Date of Award


Document Type


Degree Name


Organizational Unit

Biological Sciences

First Advisor

Keith E. Miller, Ph.D.

Second Advisor

Amy Bauer

Third Advisor

Brian J. Majestic

Fourth Advisor

Alex Huffman

Fifth Advisor

Michael Kerwin


Chromatography, HPLC, High Performance Liquid Chromatography, Hydrodynamic, Laponite-RD, Nanoparticle, Wide-bore


The objectives of this research dissertation were to develop and present novel analytical methods for the quantification of surface binding interactions between aqueous nanoparticles and water-soluble organic solutes. Quantification of nanoparticle surface interactions are presented in this work as association constants where the solutes have interacted with the surface of the nanoparticles. By understanding these nanoparticle-solute interactions, in part through association constants, the scientific community will better understand how organic drugs and nanomaterials interact in the environment, as well as to understand their eventual environmental fate. The biological community, pharmaceutical, and consumer product industries also have vested interests in nanoparticle-drug interactions for nanoparticle toxicity research and in using nanomaterials as drug delivery vesicles. The presented novel analytical methods, applied to nanoparticle surface association chemistry, may prove to be useful in assisting the scientific community to understand the risks, benefits, and opportunities of nanoparticles. The development of the analytical methods presented uses a model nanoparticle, Laponite-RD (LRD). LRD was the proposed nanoparticle used to model the system and technique because of its size, 25 nm in diameter. The solutes selected to model for these studies were chosen because they are also environmentally important. Caffeine, oxytetracycline (OTC), and quinine were selected to use as models because of their environmental importance and chemical properties that can be exploited in the system. All of these chemicals are found in the environment; thus, how they interact with nanoparticles and are transported through the environment is important. The analytical methods developed utilize and a wide-bore hydrodynamic chromatography to induce a partial hydrodynamic separation between nanoparticles and dissolved solutes. Then, using deconvolution techniques, two separate elution profiles for the nanoparticle and organic solute can be obtained. Followed by a mass balance approach, association constants between LRD, our model nanoparticle, and organic solutes are calculated. These findings are the first of their kind for LRD and nanoclays in dilute dispersions.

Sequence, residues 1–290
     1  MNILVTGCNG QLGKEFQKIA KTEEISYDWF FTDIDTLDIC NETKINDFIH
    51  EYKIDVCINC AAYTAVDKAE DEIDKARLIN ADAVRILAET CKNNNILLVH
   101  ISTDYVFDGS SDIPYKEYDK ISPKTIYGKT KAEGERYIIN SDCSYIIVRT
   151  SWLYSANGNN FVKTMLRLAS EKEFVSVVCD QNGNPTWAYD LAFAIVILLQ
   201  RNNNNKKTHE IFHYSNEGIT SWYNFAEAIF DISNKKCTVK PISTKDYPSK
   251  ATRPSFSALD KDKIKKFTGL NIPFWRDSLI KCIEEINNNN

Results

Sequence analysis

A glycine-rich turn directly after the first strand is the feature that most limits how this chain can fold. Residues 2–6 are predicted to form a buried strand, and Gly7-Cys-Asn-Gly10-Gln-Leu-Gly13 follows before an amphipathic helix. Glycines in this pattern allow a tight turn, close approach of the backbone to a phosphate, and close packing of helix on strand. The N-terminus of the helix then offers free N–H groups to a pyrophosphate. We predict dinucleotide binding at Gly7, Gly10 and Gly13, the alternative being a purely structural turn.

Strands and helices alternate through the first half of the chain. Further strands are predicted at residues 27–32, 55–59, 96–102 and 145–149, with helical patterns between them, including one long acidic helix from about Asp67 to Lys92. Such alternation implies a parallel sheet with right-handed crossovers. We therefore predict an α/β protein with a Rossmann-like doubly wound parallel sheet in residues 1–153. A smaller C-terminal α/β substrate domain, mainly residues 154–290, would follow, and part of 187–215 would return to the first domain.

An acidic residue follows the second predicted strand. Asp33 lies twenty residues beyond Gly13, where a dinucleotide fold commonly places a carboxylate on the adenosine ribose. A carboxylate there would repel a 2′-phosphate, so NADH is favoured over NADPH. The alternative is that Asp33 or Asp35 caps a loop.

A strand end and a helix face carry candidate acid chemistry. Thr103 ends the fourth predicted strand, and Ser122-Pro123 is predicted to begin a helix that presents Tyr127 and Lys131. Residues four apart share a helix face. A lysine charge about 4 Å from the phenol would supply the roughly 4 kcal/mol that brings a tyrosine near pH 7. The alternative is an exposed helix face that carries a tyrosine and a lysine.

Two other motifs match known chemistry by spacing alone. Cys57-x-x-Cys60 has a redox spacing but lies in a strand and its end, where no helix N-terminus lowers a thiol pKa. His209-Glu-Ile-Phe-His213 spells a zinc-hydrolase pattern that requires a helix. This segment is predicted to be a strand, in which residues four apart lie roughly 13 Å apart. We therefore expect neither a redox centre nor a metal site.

Publication Statement

Copyright is held by the author. User is responsible for all copyright compliance.

Rights Holder

Kellen John Sorauf


Received from ProQuest

File Format




File Size

203 p.


Analytical Chemistry